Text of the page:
‘Why do I need a primary care provider?’ Strong bonds between patients and their PCP are the key to better health.

April 19, 2024
primary care doctor talking and building a relationship with their patient, which is an important part of your health.
Some people may wonder why they need a primary care doctor. Research shows that people who have close bonds with a primary care provider stay healthier. Photo: UCHealth.

Establishing a relationship with a primary care provider (also sometimes called a PCP) means so much more than merely getting an appointment when you’re not feeling well.

According to medical experts, a sustained and trusting partnership between a patient and a primary care provider results in better health care outcomes for individuals and their communities.

“Good primary care providers support patients with complex conditions, urgent care issues and everything in between. It’s not just sprained ankles and colds,” said Dr. Brian Harrington, a family medicine physician in Steamboat Springs and a member of the medical staff at UCHealth Yampa Valley Medical Center.

The primary care specialties include family medicine, general internal medicine and pediatrics.

What does a primary care provider do?

According to Harrington, primary care uniquely combines a number of aspects, including disease prevention and screening; wellness and preventive care; chronic disease management; coordination of care among health care providers; and integrated care. Additionally, primary care providers work to develop a sustained health partnership over time with patients. They place on emphasis on community and public health.

How can having a primary care provider improve your health?

“A strong PCP relationship equals stronger health care combined with lower health care costs and better outcomes,” Harrington said.

He stresses establishing a primary care home as soon as you are able; laying the groundwork for a collaborative relationship by talking to your PCP early and often; and sharing health information so they can review your history over time and notice changes or patterns in your health or new arising symptoms.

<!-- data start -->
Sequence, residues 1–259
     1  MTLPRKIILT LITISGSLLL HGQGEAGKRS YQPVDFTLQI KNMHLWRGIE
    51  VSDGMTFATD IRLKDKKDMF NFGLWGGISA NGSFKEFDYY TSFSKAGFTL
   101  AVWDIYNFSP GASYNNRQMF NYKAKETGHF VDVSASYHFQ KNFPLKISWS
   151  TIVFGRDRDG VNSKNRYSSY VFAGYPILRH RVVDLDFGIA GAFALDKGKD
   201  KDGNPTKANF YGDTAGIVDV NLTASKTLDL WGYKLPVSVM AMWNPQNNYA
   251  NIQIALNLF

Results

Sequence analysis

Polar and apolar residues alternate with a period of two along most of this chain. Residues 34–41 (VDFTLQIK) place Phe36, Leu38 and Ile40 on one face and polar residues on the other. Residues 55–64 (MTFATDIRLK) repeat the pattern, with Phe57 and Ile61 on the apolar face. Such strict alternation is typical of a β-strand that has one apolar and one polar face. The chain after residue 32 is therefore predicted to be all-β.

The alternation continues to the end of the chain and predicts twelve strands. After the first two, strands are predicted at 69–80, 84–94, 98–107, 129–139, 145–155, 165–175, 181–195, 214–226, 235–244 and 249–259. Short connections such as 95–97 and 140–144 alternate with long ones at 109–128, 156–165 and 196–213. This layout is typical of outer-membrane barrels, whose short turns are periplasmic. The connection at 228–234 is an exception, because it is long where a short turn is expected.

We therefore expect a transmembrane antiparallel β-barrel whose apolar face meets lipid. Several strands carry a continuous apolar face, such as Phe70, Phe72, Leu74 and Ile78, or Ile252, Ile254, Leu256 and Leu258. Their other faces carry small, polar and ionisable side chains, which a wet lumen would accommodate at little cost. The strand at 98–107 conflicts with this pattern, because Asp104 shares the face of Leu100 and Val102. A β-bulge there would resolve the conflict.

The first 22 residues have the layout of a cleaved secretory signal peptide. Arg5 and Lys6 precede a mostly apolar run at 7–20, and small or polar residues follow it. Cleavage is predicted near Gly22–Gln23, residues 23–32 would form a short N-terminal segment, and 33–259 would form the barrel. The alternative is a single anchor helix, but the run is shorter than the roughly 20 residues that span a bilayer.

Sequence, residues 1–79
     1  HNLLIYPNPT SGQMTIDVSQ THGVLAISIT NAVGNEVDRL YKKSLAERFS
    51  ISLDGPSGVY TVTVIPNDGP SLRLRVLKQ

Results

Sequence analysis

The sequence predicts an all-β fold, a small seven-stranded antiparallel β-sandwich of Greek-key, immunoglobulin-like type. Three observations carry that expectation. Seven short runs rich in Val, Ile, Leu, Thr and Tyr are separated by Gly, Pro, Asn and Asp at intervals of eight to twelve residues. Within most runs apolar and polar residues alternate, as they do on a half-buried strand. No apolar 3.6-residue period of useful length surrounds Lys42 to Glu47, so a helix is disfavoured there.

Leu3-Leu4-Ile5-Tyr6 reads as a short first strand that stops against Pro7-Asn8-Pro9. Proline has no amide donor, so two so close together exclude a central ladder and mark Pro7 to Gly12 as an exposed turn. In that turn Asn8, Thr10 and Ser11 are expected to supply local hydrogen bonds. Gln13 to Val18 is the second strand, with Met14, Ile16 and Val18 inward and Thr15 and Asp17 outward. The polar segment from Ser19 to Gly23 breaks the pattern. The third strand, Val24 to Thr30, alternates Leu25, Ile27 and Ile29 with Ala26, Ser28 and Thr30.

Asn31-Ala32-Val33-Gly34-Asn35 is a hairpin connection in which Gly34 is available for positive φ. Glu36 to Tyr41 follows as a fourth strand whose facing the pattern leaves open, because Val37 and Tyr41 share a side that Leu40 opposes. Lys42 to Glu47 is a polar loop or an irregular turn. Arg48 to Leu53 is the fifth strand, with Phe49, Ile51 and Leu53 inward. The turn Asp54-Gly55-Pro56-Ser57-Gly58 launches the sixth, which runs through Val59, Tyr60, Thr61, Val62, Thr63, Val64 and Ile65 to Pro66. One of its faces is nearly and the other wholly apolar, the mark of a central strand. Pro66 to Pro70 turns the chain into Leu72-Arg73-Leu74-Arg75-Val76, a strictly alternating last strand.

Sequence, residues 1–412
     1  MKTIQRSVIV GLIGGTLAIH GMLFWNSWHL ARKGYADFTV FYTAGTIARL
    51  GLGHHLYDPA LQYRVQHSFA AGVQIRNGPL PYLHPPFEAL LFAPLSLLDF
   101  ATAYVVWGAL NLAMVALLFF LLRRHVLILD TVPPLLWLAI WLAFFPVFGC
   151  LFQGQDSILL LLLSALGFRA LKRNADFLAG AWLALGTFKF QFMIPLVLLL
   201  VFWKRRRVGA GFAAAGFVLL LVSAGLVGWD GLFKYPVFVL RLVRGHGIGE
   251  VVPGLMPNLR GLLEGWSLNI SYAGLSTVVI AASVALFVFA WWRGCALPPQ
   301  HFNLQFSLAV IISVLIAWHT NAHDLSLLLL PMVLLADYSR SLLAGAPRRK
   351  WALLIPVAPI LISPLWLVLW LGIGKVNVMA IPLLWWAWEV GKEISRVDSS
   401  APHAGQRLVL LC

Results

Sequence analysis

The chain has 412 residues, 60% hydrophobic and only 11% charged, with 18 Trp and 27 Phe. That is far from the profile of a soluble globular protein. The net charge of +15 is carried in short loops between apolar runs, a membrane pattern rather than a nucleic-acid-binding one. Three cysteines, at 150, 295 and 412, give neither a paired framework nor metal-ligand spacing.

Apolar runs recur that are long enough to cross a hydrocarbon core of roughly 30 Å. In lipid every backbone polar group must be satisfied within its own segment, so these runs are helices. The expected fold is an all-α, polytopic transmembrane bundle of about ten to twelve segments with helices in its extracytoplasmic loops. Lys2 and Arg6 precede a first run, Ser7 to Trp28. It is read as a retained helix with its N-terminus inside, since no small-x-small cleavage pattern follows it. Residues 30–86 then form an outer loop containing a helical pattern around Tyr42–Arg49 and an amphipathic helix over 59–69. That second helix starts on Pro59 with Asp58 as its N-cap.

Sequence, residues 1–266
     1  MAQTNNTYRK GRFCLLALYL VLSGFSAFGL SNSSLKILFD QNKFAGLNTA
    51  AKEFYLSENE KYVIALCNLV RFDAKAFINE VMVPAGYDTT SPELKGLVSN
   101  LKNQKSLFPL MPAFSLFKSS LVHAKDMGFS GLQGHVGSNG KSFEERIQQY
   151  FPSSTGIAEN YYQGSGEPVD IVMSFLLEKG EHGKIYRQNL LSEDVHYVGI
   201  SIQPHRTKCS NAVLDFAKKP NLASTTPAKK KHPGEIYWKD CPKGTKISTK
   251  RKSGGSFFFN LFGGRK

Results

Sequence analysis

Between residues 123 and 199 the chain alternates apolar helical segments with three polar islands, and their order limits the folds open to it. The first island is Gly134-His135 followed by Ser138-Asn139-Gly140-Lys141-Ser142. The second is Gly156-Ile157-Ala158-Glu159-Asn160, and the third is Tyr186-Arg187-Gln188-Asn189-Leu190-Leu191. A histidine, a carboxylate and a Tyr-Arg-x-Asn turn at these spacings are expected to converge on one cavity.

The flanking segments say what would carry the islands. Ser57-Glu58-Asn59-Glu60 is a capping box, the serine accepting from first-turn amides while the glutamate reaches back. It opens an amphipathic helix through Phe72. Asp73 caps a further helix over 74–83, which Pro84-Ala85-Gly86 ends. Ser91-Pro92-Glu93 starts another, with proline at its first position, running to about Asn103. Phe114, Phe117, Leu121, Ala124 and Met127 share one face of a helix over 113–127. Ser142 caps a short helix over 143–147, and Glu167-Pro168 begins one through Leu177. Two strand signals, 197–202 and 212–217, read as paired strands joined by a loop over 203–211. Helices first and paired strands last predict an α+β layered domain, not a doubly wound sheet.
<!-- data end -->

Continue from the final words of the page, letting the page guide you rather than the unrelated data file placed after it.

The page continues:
“Everybody should establish a primary care medical home,” said Harrington. “That’s where you will have those important medical conversations and a personalized patient-centered plan can be created for you. It’s not about a specific organ or part of your body, but about the whole person.”

The importance of having a medical home

When you establish a medical home with a primary care provider, they become your location for:

Females: Do you need a OB-GYN and a PCP? Learn more.
  • Physicals and health screenings on an annual basis, or whatever specific and consistent health maintenance plan your PCP determines is best. “You don’t want to have to find a place just when you have crises,” said Harrington.
  • A repository for your medical records. “This is the place where your care begins,” he said, “where your care exists, where your records are kept with someone who knows you.”
  • Management of chronic diseases and conditions, such as high blood pressure, diabetes, asthma, obesity and tobacco use. “About 80% of health outcomes are determined by the time you are 60 … when you are in your 20s and 30s,” said Harrington. “We need to have those conversations with patients so they know how important those lifestyle decisions are, so they can maintain a high quality of life as they age.”
  • An integrated health care model where a patient can also find help such as physical and occupational therapies, mental health services, a pharmacy, and care coordinators and referral managers who often act as patient advocates. “We have evolved beyond just a doctor and a patient,” he said, “and we meet people where they’re at.”
  • And perhaps most importantly, where you will receive wellness care, not just disease care. “We want patients to maintain their health,” said Harrington. “Our goal is to practice disease detection early, before it begins to impact the life of the patient.”

Emphasis on community

After practicing medicine for three decades, with 19 of them in Steamboat, Harrington said it’s rewarding to be able to see patients at different stages of their lives and recall health issues from previous years.

“That type of sustained continuity of care over the long term is an important concept of being a PCP,” he said. “We can be focused on the value of care we provide and not just the volume of care.”

Primary care providers have a broad skill set and are involved in, and live in, the places where they practice, he said.

“We care about community health and how we should tend to that community, whether it’s through equity of care and access to care, food equity, and issues such as wellness, physical activity and recreation opportunities,” said Harrington. “When patients need health care, a primary care home is the one place where they can meet the majority of their needs.”

This story first appeared in the Steamboat Pilot.

About the author

Mary Gay Broderick is a Denver-based freelance writer with more than 25 years experience in journalism, marketing, public relations and communications. She enjoys telling compelling stories about healthcare, especially the dedicated UCHealth professionals and the people whose lives they transform. She enjoys skiing, hiking, biking and traveling, along with baking (mostly) successful desserts for her husband and three daughters.